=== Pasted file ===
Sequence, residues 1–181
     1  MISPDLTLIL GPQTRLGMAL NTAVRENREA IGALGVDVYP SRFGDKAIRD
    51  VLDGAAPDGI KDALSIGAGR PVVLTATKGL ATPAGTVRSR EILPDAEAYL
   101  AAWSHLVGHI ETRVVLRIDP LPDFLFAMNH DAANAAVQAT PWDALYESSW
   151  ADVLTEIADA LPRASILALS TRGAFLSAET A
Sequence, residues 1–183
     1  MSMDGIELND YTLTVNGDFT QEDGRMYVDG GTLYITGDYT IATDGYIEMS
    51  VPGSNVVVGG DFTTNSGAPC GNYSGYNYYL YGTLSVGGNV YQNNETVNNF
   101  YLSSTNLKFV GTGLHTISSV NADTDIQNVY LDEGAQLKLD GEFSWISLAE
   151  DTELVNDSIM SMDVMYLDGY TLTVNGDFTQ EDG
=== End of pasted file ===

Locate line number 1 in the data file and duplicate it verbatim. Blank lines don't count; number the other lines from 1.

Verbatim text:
Sequence, residues 1–181